Friday, June 19, 2015
what happened to carlos?
What kind of writer am I?
I had a story right under my nose the day before yesterday (a story that you have shown interest in and I have access to the facts), and I let it pass by unnoticed. Well, I am about to fix that.
As happens with 95% of the hurricanes and tropical storms that come our way each summer season, Carlos was exactly what all of my Mexican neighbors said it would be: a rain storm. And I was not surprised.
Our large storms usually form this time of year in the Gulf of Tehuantepec, off of the coast of southern Mexico. Because of prevailing weather patterns and the effect of the rotation of the earth, the storms usually take a northwestern route. Because of the horizontal slant of the Mexican coast, that means the storms often stay off the coast of Mexico before veering out over the Pacific.
Not always. Sometimes they head inland. Poor Acapulco has suffered that variation several times. And the storms that miss the mainland often hit Baja California.
Carlos stayed true to form. The storm did hit landfall around Melaque early Tuesday morning. By then, it was decreasing in velocity almost below tropical storm stage. By the time it got to Puerto Vallarta, it was a depression.
I got up early that morning (very early, for me) to watch the rain. It was more intense than an Oregon rainstorm: I have heard estimates varying as high as 6 inches.
I usually rely on a local weather station on the beach in Villa Obregon. The report from there was 3.2 inches of rain with the highest wind gust of 30 MPH at 4:00 AM.
The street in front of my house floods (or turns into a stream bed) during our heavy rains. All I had were large puddles. So, I am inclined to accept the 3 inch report.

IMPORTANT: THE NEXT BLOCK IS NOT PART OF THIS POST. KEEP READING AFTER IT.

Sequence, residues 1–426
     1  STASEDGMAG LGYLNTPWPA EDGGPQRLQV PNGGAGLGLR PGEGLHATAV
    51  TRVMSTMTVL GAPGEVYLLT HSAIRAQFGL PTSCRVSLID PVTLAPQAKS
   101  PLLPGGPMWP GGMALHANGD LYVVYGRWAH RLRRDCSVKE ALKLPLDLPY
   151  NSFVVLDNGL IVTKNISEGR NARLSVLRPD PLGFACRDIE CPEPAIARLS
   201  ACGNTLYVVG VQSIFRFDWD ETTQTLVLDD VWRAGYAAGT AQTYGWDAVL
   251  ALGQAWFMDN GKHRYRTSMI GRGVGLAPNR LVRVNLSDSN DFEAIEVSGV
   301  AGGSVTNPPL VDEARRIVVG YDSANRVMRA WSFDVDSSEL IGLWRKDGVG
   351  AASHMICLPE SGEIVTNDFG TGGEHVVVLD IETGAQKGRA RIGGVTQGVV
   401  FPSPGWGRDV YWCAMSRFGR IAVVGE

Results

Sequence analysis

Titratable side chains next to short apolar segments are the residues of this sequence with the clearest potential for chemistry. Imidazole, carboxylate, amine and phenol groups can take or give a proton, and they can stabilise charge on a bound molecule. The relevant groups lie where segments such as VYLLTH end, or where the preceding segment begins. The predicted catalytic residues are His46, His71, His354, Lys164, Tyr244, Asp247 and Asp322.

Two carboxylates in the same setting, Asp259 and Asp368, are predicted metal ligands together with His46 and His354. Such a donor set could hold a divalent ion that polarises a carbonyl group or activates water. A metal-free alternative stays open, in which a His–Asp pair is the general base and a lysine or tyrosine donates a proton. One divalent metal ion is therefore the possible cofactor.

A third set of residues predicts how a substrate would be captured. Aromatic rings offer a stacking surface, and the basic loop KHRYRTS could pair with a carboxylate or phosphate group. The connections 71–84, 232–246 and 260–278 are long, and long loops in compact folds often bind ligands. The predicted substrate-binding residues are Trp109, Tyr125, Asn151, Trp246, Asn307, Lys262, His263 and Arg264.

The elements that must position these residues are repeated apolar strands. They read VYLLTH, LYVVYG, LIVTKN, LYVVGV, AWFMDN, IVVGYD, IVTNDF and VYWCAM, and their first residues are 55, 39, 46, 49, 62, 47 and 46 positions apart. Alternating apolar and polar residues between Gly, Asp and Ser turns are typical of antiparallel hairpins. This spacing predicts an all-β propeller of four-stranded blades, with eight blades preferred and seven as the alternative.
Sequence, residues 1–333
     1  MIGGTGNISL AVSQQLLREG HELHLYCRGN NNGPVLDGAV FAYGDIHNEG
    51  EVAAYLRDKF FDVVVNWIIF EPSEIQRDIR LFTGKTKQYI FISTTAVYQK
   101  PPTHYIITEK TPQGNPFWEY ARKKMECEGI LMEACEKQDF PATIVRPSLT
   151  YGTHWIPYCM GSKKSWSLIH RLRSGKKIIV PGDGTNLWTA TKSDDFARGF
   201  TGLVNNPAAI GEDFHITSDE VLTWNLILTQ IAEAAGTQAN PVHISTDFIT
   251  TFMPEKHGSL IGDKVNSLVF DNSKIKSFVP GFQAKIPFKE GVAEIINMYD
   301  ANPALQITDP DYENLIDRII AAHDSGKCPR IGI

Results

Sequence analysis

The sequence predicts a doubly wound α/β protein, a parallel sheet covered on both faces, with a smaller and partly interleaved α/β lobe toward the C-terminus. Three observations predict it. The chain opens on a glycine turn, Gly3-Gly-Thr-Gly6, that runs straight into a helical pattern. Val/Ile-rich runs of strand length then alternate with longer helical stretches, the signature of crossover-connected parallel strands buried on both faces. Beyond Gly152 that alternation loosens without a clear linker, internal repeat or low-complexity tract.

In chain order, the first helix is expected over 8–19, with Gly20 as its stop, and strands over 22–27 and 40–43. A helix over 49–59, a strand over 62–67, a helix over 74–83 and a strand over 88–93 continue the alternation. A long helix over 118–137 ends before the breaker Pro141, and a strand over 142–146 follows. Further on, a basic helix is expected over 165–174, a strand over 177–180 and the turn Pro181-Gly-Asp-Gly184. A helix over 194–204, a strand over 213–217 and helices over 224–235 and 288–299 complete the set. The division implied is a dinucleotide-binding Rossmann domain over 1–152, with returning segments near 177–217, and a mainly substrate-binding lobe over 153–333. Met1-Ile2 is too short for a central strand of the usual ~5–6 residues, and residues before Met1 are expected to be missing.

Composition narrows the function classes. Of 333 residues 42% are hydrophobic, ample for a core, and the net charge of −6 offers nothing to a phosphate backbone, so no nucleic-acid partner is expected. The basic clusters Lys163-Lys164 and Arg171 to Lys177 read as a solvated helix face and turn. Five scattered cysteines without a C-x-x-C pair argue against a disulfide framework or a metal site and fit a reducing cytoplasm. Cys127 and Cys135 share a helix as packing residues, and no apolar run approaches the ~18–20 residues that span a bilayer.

But not everyone was so lucky. Along with others, I have been assisting a Mexican family (a father and three young children) in Pinal Villa, a small village just over a mile off of the main highway. Economically, it is years away from Melaque.
Their house is made of sticks, mud, and visqueen. Some benefactors recently built a concrete bathroom next to the house. But, just before Carlos arrived, the house effectively collapsed. The plan was to rebuild the place, but it could not be done before the storm hit.
For some unexplained reason (and no one really knows why), Pinal Villa (along with a large area northeast of Barra de Navidad) has been covered with flowing water. This was during the dry season. I was concerned what the rain from Carlos would do to the family.
My concerns were well-founded. I bought some chicken meals for the family and headed out to Pinal Villa from Melaque. I was shocked at the condition of the roads. They were stream beds. Flowing stream beds. Twice my Escape was temporarily stuck in the sand at the bottom of the water.*
If I had not been on a specific mission, I would have turned back. But it was the impassibility of the roads that assured me I needed to press on. If I was having trouble getting in, there was little possibility that the family could get out on foot.
I had to park about a block away from the house. At first, the father was a bit wary of what I was doing there. One of the girls recognized me, though. And the food resolved any language barriers.
A chicken will not resolve their situation. As I wrote, there are plans to repair the house. I need to check on when that will happen. And I know more food will be made available.
But all of that is a start. As I drove away from the house, I thought of Mother Teresa's statement -- one that I keep repeating at moments like this: "God does not require that we be successful, only that we be faithful." To be faithful, we feed the hungry and give drink to the thirsty.
What I did is not to be lauded. After all, I was able to drive away. The family is stuck there.
* -- I was so intent on my driving that I failed to take any photographs of the road conditions. If you are interested, take a look at Melaque on the Costalegre. Sparks has posted a photograph of the beginning portion of the flood run to Pinal Villa.